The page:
Trenton Terror (oz4366)
About this Plan
Trenton Terror. Free flight gas model.
The Trenton Terror (oz1170) was first published in Air Trails, April 1938. This here is a redrawn plan from MB in Nov 1973, and then again in July 1989.
Quote: "Featuring an Old Timer plan in each issue of Model Builder is a tradition that was begun early in the magazine's history, and the Trenton Terror was one of the first. That was back in November of 1973, or 185 issues ago. Many of you readers have joined us since then, so we're reprinting the plan this month for those who missed it the first time around.
The Trenton Terror originally appeared in the April 1938 issue of Flying Aces. Actually that’s not the model's real name; Mickey DeAngelis, who designed the ship, was a member of the Trenton Gas Model Airplane Club and was himself known as the Trenton Terror by his clubmates. When he designed this particular model it was Billy Giblin, who drew the four-page plan for Flying Aces and who has the distinction of having played one of the Munchkins in The Wizard of Oz, who suggested calling it by its designer’s nickname. It's been called the Trenton Terror ever since, even though the name Miss Trenton lll appeared on the original magazine plan.
Barney Onofri, another member of the Trenton club, built the prototype Terror, which proved to be such a good performer that soon a dozen or more were built by fellow club members. The only hitch was that there were only a couple of Brown Jr engines within the entire club's ownership, so they devised a novel interchangeable power package that gave everyone a chance to fly. Engine and ignition system were mounted on a common base, the whole thing being fastened to the nose of each model by a single bolt. After you made a flight, a minute's work with a screwdriver was all that was needed to get the power unit out of your airplane and into your buddy's. Our plans show this same type of engine mount setup. Today's builders will probably want to modify this though, either by raising the existing 1/4-inch plywood plate to just under the upper longeron, making a cutout for the engine and mounting it directly to the plate; or by doing away with the plate altogether and installing hardwood beam mounts.
By the way, both Mickey DeAngelis and Barney Onofri are still active modelers, Mickey being involved in the SAM 100 club - see this month's Plug Sparks column for a report on that club's doings. We'd like to thank Carl Hatrak, a longtime friend of Mickey DeAngelis and another former member of the Trenton Gas Model Airplane Club, for providing us with much of the preceding information about the original model and its designer.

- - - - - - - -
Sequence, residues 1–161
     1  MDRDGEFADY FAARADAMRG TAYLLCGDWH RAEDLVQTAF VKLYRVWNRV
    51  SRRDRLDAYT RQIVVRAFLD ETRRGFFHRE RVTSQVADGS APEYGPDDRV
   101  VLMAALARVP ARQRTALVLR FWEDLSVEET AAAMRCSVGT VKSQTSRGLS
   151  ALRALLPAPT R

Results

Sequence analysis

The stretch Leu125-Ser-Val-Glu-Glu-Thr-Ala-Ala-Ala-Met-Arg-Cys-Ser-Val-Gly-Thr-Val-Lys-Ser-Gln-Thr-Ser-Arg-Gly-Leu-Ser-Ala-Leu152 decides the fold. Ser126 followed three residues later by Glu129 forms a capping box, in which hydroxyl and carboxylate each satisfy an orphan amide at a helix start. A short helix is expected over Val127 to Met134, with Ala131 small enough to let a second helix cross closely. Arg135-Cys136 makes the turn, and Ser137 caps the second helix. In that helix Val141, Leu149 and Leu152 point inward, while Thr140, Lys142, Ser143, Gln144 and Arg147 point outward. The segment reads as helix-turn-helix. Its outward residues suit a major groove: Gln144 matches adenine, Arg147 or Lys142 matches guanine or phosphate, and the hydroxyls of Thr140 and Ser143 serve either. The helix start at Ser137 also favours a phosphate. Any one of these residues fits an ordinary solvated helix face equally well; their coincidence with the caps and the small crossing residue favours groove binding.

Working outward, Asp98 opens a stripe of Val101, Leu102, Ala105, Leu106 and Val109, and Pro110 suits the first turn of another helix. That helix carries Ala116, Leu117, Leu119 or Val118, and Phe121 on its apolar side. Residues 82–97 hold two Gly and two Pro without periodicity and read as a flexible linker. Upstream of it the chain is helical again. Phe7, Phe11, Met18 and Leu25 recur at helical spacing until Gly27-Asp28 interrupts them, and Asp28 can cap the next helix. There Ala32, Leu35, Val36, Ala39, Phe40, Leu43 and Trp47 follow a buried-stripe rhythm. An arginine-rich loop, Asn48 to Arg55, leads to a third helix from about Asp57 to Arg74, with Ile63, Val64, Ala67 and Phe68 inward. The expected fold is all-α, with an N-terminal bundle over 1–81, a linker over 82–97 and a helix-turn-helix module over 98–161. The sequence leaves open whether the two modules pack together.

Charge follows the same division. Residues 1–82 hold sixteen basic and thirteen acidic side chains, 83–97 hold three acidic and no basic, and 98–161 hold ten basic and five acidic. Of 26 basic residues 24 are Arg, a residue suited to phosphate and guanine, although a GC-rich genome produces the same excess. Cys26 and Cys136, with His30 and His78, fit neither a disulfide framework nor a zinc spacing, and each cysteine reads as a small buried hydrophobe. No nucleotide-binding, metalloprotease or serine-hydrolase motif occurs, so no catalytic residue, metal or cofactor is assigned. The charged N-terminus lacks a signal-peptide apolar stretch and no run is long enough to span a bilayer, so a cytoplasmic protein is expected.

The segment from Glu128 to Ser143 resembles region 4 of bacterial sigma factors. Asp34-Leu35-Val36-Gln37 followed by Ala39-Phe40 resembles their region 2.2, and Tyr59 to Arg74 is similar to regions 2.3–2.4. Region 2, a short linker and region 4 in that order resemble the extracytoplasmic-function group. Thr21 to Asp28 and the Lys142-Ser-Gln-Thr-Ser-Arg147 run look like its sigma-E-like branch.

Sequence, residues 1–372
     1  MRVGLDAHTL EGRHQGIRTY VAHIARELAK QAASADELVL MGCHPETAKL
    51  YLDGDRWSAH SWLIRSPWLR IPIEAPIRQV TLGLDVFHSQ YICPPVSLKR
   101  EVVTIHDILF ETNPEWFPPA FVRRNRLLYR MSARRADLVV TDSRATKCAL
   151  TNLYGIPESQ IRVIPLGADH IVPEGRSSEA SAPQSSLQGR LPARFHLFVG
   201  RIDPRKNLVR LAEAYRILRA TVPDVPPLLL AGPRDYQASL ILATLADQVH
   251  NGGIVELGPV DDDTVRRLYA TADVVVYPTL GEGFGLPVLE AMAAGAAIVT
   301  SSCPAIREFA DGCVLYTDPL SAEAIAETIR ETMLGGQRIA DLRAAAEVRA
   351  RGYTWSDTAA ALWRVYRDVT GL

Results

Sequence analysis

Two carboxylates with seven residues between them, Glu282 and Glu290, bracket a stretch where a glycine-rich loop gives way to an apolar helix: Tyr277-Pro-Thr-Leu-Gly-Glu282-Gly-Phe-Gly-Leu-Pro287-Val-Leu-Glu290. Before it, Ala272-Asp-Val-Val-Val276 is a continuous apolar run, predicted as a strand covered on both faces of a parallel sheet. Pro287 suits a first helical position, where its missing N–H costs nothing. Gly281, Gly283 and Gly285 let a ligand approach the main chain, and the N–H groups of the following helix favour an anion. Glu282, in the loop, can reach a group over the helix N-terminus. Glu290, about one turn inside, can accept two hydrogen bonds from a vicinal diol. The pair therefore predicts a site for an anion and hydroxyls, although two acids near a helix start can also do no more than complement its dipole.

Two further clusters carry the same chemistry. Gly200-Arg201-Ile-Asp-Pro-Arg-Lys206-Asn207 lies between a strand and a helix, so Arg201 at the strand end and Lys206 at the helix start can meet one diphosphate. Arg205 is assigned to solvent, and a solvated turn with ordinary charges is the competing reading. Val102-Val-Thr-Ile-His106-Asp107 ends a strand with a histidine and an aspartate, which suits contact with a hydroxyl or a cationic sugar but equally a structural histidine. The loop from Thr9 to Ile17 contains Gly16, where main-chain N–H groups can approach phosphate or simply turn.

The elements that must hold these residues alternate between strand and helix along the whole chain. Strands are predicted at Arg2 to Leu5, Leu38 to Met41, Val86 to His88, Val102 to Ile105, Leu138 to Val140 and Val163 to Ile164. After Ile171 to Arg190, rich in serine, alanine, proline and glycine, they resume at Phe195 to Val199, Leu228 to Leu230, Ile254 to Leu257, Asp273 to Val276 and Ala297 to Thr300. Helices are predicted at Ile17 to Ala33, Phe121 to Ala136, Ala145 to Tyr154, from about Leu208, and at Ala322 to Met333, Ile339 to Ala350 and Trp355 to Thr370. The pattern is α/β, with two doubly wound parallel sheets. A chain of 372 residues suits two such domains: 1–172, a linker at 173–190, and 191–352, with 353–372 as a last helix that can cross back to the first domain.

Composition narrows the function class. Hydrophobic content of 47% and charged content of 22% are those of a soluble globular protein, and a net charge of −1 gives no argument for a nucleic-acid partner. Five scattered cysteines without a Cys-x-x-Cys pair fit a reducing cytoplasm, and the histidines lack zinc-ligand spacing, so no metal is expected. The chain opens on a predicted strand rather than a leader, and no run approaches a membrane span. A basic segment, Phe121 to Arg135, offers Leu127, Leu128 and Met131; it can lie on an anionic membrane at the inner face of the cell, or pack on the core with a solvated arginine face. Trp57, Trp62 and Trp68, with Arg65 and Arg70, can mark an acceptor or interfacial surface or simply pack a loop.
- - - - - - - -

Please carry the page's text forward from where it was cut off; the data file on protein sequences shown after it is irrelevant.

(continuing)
The Trenton Terror in the Photo was built as a F/F ship by Marge Bernhardt some twenty years ago and featured the same trim scheme as the original. Power was an Ohlsson .60 sideport converted to a front rotor, which was really more power than the model could handle safely. The gadget on the side of the fuselage below the windows is a specially modified clockwork timer, good for up to an hour, that would open a trap door and release a DT parachute, which made for a much gentler (if not quite as positive) descent than the normal pop-up stab.
The airplane is still active today, being flown as an R/C model by Ed Houston, past president of SAM 49, the Los Angeles area OT R/C club. Ed flies it in Texaco with a Saito .30 four-stroke. For R/C, the flat tail surfaces and the fact that the horizontal stab already has a V cutout for the rudder, make installation of control surfaces as easy as you could want. Just lay in an extra 1/4 sq spar parallel to and aft of the existing spar in the horizontal, and forward of the one in the fin.
No balance point is indicated on either ours or the original plans, but a good starting point would be about halfway between the fore and aft wing spars."
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User commentsI built a Trenton Terror from Model Builder plans, back in 1996. It's a very easy airplane to build, and it flies very nicely, but future builders should substitute 1/4" balsa for much of the plywood used in the front end, because the the TT actually tends to be nose-heavy with all that lumber up there. My TT has the radio gear installed at the extreme aft end of the cabin, and the center of gravity is still too far forward. Adding material to the rather flimsy tail surfaces will also help with this problem. My airplane weighs 48 ounces and the old OS .20 two-cycle takes it to altitude very quickly.
Moeregaard - 11/05/2013
Just some interest for the Trenton Terror. Originally built from a Ben Buckle kit back in 1992. I have removed the old OS Max 35 and replaced with an Electric (AXi 2820/12 990kv), 11x5.5 prop and a 3S 2200mA. With plenty of room to install the modern gear. Balance point comes out perfect just under 25 mm behind the front spar [pics 003-006].
Top tip: Double up the ribs, or similar, where the wing under camber is and use Balsaloc (or similar). Else the film will not stick well.
MarkS - 15/11/2020
Here's a photo of my Trenton Terror [pic 007] at rest on the snow in the early 1970s. It was built from Model Builder plans, covered with silkspan and dope, and powered by O.S. Max .20 (2 stroke). It had a "Skyleader" (UK) R/C system controlling rudder, elevator, and throttle. It had a very light wing loading and flew exceptionally well. With those big Trexler wheels and undercarriage so far forward, if you ran off the runway into the taller grass (stubble) at the edge of the field - its was a simple matter to taxi back - or just take off again!
ChrisMoes - 23/11/2020
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